I watched Illinois several times and to be honest I barely remembered him. This was a reach at best in my mind. I think the Raiders were shocked too when Austin Johnson; stud DL out of Penn St.; and MLB Reggie Ragland was taken before their pick. With Alabama DL’s AShawn Robinson & Jarran Reed; as well as Clemson CB stud Mackenzie Alexander still on the board; this pick makes no sense in my mind but who knows. He’s a good story and I hope he does well.

GRADE: C-

3rd Round: Shalique Calhoun DL (75, Michigan St.)

Michigan St. was in so many featured games even the casual fan saw them often. Calhoun was a stud on a very physical and talented defensive line that at times carried the Spartans and kept them in games. He had 27 sacks for his career and 44 tackles for loss. He’s a playmaking pass rusher that needs to bulk up a bit and improve his run stopping skills. Some scouts say he’s too passive. I don’t think he’ll have a middle ground. Could be a diamond in the rough or struggle. I think the positive greatly outweighs any negative.  Great Pick!

GRADE: B+

4th Round: Connor Cook QB (100, Michigan St.)

The Raiders traded up to get Cook at #100. This one still has Raider nation scratching their heads. Let’s look at the facts.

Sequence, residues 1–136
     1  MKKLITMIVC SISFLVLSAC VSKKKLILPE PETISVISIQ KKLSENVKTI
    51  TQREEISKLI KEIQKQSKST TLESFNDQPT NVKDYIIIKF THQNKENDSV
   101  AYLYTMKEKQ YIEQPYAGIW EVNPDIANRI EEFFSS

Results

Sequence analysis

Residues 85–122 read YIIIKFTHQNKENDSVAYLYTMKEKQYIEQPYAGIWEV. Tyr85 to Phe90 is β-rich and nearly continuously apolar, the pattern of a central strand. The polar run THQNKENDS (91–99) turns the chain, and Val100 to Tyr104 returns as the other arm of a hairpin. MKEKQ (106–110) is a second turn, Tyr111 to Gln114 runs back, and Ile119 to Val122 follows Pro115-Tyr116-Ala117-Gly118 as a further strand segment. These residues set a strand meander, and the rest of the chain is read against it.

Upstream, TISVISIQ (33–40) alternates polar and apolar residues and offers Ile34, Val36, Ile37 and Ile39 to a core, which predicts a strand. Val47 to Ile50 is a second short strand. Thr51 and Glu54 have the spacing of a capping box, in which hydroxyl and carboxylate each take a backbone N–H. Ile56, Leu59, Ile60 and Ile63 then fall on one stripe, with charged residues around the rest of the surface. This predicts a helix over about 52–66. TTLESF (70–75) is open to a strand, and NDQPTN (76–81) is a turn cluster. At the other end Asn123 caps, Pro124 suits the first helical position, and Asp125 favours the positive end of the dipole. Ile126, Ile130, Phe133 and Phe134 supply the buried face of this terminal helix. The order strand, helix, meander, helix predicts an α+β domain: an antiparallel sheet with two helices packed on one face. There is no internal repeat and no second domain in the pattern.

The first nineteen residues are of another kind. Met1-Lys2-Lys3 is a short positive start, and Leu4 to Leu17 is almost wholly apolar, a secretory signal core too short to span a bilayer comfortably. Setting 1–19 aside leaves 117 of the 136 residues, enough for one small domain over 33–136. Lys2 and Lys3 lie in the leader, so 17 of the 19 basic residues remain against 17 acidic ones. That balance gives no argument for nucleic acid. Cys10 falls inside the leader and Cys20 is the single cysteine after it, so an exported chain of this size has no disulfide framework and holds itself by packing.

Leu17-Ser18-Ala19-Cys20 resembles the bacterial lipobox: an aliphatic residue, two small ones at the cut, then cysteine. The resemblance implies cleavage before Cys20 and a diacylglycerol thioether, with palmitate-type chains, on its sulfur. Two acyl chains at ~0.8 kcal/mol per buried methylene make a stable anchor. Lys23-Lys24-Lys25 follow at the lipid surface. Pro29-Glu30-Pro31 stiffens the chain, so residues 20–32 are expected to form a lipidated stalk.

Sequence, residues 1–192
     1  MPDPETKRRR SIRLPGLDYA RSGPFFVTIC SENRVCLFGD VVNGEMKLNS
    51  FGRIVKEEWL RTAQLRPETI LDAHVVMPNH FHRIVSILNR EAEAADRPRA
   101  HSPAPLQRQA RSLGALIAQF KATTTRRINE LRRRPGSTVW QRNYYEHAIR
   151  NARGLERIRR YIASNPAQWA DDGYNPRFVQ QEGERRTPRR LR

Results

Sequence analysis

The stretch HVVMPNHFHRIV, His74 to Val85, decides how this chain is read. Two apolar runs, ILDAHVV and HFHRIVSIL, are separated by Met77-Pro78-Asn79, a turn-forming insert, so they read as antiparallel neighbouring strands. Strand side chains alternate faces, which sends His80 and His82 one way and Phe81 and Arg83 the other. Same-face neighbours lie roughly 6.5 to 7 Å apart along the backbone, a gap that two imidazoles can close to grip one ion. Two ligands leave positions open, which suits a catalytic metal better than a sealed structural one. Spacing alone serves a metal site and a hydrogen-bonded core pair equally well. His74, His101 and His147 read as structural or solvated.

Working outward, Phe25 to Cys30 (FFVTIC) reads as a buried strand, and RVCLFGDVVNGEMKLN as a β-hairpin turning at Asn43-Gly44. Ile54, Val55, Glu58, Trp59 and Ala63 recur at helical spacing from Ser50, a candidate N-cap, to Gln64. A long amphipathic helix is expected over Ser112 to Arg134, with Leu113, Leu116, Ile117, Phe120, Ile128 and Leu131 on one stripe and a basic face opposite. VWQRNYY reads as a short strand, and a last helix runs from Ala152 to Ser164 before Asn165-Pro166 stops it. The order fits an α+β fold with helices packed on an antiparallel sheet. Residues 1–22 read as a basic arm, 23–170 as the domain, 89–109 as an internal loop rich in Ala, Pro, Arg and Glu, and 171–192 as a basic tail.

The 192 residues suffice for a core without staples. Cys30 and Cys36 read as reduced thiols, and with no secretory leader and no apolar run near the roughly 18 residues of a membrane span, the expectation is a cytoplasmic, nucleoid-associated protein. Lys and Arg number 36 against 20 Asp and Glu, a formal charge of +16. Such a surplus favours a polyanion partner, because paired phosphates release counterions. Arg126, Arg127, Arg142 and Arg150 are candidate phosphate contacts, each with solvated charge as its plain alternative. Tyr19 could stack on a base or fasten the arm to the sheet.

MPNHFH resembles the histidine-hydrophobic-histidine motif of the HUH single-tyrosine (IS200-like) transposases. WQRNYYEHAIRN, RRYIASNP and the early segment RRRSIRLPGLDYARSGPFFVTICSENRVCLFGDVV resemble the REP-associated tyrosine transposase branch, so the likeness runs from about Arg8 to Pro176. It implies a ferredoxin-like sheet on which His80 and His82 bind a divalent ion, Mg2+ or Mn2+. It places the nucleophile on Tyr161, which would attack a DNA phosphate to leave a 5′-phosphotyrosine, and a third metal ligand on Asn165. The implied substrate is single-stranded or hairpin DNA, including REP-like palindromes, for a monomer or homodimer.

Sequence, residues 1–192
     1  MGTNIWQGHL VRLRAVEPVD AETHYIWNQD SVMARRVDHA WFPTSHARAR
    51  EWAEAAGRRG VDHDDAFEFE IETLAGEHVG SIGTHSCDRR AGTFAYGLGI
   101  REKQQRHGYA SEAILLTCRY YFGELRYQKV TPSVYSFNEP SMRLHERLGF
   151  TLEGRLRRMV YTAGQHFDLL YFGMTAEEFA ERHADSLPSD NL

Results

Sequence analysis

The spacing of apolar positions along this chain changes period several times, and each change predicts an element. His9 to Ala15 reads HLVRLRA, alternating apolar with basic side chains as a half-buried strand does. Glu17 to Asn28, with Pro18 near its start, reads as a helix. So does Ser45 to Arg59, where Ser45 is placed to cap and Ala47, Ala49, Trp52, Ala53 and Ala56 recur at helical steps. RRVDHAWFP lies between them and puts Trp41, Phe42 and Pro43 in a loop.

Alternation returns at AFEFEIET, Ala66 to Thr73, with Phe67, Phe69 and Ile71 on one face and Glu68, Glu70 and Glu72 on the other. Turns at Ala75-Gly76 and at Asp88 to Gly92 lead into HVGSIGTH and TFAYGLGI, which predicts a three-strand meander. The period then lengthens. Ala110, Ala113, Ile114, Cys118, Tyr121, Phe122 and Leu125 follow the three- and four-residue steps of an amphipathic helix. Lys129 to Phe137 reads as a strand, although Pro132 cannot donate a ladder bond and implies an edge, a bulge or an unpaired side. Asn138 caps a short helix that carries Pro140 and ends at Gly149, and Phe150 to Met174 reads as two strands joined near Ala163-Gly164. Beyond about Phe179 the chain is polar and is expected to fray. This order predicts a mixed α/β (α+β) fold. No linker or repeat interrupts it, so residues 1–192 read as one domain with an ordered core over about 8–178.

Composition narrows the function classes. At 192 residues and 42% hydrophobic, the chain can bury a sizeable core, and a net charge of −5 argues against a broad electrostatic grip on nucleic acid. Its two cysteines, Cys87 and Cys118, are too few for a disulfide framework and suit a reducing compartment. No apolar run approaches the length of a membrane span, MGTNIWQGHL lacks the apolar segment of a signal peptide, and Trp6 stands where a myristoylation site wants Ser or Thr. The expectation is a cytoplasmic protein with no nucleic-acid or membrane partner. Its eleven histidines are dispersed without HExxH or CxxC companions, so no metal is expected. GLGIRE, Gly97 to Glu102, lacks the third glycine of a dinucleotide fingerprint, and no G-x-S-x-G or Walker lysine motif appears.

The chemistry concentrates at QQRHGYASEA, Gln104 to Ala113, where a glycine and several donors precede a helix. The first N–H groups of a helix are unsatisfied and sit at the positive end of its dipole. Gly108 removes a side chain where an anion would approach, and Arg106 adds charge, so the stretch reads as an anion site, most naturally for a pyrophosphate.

History again is so important. All of those people guaranteeing the Raiders will move up in the first round every year forget that they’ve never done it in 57 drafts yet every year they predict it. Look at history. Well this pick was ALL about Ron Wolf and his history.

When Reggie was learning under Raider and Green Bay Hall of Fame GM Ron Wolf, the Packers drafted QB’s all the time. I’ve said it for years. Every team should draft a QB every year in the late round.

Even with Brett Favre as their starter, Ron Wolf and the Packers drafted Mark Brunell (5th round), Aaron Brooks (4th round), and Matt Hasselbeck (6th round). These 3 became key NFL starters for other teams. (In a famous John Madden story, when Al Davis asked his staff about drafting a young Alabama QB with bad knees, Al’s staff said no. He then asked Ron Wolf who said yes; Ken Stabler was then drafted).